An unwrapped champagne bottle produces supersonic shock waves

An unwrapped champagne bottle produces supersonic shock waves

Time sequence detailing a cork expelled from the neck of a champagne bottle stored at 20°C captured by high-speed imaging. Credit: Gerard Leger-Bellier

The opening of a champagne bottle usually marks the beginning of a festive celebration. After a pleasant cork popping sound, bubbles of bubbles shoot into the air, and finally, there is a pleasant tingling on the tongue.

But there’s a lot more that comes out of pop music than the senses see, according to researchers in France and India. in fluid physicsComputational simulations of fluid dynamics reveal the formation, evolution, and dissipation of shock wave patterns as the carbon dioxide mixture shoots through the bottleneck in the first millisecond after the cork pops.

The results could provide insight into the complex and transient behavior of supersonic flow in applications ranging from missile launchers, ballistic missiles and wind turbines to the manufacture of electronics and underwater vehicles. Simulation is based on Experimental research In 2019 he demonstrated, for the first time, the formation of shock waves while cracking a cork.

Co-author Robert George, from the University of Rennes 1, said, “We wanted to better describe the unexpected phenomenon of supersonic flow that occurs while opening a champagne bottle, and we hope that our simulations will provide some interesting clues to the researchers, and they may consider a typical champagne bottle. As a small laboratory.”

In the initial decoding stage, the . file gas mixture It is partially blocked by the cork, preventing the champagne emitted from reaching The speed of sound. But as the cork shoots off, the gas mixture escapes radially at supersonic speed, balancing its pressure through a series of normal and oblique shock waves.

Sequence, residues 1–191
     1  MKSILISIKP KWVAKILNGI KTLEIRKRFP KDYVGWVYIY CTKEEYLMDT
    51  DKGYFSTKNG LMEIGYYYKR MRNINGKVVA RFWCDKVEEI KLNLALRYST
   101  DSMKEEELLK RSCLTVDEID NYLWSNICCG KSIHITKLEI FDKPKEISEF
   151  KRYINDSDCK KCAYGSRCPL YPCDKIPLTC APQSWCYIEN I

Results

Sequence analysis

The waves combine to form shocking diamonds, which are ring patterns commonly seen in rocket exhaust plumes. The consistency of the bottle causes a supersonic expansion in the shape of a crown. Eventually, the pressure becomes too low to maintain a proper nozzle the pressure ratio for Speed ​​supersonic in the bottleneck and corkedge.

“Our paper unveils unexpected and beautiful flow patterns hidden right under our noses every time a bottle of champagne is opened,” said co-author Gerard Leger-Beller, from the University of Reims-Champaign-Ardennes. “Who could have imagined the complex and aesthetic phenomena hidden behind such a common situation that any of us are going through?”

The researchers plan to explore other parameters, such as temperature, volume and bottle neck diameter, along with the physical and chemical processes that accompany opening a champagne bottle. For example, they are interested in how the supersonic flow is affected by the formation of ice particles caused by the sharp drop in temperature as the sizzling exits from bottle.


Decomposing champagne produces jets of supersonic freezing carbon dioxide


more information:
Abdul-Samad Benidar et al., Fluid-dynamic computer simulation of a supersonic flow of carbon dioxide during the popping of a champagne cork, fluid physics (2022). doi: 10.1063/5.0089774

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